Now this hasn’t been officially rolled out, but I think this is the kind of approach we need to show Canadians we have a serious plan to combat global warming:
The plan, according to sources, would shift the 10-cent federal excise tax on a litre of fuel at the pumps into a broad-based carbon tax that would also apply to other fuels, such as for home heating. Sources say that the plan would not add more taxes to gasoline.
But the key is that the money raised – estimated as much as $17-billion – would be returned to middle-class and working Canadians in personal income tax cuts, making it revenue neutral. There could be corporate tax cuts as well.
Some people are skeptical, including a “veteran” (probably John Turner years) Liberal strategist that always pops up in a Jane Taber piece (why those anonymous Liberals think they are helping the party with such comments is beyond me), but I think we need to give Canadians a lot more credit than those worried about a policy like this this are doing.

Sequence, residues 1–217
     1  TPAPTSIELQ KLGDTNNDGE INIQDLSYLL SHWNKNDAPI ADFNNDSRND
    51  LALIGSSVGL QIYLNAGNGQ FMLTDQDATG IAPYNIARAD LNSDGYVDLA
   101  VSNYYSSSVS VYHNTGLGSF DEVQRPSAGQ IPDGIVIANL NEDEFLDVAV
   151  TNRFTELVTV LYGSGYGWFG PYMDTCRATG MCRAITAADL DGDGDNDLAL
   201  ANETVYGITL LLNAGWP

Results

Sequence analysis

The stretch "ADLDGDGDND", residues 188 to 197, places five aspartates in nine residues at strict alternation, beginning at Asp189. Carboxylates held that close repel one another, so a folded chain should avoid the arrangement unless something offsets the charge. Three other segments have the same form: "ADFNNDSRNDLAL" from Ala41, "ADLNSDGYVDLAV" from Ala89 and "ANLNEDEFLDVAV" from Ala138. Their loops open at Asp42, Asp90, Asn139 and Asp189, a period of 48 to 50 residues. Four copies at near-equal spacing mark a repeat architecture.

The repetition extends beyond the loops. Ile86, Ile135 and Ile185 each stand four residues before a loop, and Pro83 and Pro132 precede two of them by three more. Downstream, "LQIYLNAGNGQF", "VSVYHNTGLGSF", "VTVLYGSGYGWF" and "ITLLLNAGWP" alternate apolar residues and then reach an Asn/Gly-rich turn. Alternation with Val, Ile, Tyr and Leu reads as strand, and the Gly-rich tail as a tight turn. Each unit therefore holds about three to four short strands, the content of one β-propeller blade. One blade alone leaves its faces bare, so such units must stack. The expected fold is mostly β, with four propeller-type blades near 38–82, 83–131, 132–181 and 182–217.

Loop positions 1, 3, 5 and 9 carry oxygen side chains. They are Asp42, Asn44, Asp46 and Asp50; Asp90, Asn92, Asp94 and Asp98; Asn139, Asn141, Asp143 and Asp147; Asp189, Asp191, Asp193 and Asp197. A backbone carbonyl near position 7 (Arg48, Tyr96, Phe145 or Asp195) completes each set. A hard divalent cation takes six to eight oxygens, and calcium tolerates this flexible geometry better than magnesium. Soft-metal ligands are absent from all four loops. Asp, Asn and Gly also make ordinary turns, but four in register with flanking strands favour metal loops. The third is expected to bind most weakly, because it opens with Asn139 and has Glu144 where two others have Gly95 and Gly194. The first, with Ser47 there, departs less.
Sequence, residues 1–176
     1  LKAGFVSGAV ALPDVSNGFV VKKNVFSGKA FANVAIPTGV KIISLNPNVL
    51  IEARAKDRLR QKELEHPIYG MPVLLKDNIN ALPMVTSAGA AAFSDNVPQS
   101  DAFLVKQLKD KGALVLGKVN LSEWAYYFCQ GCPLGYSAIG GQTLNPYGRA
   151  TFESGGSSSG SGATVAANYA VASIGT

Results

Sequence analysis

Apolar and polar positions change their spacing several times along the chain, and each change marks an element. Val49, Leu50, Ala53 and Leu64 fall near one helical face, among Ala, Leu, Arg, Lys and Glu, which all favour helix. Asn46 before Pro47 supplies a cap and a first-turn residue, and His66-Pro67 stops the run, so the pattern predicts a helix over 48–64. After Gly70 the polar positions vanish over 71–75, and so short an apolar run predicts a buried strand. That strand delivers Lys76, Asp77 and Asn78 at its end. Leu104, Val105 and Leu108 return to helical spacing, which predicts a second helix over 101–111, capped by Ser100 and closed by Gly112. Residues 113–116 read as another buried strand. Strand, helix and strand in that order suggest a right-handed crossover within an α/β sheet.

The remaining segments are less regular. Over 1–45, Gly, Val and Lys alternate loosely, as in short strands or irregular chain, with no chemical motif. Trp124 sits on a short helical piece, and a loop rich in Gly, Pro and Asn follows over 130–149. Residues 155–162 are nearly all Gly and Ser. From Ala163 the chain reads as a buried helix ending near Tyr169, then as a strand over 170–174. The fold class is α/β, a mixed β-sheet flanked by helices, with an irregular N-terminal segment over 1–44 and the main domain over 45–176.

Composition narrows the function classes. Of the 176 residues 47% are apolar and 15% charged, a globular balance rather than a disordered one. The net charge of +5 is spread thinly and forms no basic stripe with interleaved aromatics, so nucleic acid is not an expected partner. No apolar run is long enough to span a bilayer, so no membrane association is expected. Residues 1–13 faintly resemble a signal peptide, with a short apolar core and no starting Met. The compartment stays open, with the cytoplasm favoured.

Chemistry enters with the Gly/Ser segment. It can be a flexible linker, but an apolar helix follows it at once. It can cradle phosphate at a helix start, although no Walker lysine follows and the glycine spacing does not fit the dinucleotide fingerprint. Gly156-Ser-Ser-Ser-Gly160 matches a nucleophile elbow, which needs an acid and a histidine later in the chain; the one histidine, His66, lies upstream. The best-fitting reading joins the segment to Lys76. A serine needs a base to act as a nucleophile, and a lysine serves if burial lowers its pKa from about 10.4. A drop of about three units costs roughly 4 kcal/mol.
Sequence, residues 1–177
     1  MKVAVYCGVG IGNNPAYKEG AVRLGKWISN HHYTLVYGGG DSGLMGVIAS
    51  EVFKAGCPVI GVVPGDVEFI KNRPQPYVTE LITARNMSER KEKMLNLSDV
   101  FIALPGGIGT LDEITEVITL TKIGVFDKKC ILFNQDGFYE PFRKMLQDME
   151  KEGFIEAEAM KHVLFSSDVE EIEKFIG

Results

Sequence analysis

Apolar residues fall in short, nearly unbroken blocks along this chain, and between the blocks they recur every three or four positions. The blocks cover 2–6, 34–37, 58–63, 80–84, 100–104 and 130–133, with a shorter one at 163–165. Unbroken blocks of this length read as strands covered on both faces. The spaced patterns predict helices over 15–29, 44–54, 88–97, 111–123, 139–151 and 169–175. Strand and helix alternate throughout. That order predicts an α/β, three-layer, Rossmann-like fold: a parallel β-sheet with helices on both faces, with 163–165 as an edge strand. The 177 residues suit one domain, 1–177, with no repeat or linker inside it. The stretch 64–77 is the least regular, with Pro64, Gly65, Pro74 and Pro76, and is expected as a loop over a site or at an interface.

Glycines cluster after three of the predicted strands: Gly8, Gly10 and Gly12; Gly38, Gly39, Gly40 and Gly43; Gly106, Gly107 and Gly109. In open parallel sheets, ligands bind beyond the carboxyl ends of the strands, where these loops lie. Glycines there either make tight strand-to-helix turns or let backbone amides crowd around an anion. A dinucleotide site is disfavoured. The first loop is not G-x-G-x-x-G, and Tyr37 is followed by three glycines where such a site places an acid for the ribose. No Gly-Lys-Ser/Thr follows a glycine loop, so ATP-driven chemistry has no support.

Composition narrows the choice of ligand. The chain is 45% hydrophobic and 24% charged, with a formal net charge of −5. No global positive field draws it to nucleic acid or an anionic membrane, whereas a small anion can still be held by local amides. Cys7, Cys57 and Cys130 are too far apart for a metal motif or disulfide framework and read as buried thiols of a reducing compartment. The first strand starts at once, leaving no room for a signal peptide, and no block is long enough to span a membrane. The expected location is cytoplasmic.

Canadians could understand five simple things:
1) We need to be doing much more to be combating global warming. The Carbon Budget was a start but this builds on that and is even more bold. Conservatives have put our reputation in the dumps (especially at Bali), we should be seen as a leader and not a laggard on this issue.
2) In a time of economic uncertainty, we want a plan widely endorsed by economists. This one is.
3) You won’t be paying more at the pump with this proposal.
4) You won’t be paying more taxes overall with this proposal. It is a tax shift not a tax increase.
5) If you are someone who doesn’t consume much energy you will come out ahead.
The important thing though is that Liberals frame this issue before the Conservatives do.
Though I have faith in Canadians that they would embrace a plan like this and so far I would say that the evidence shows that I am right.
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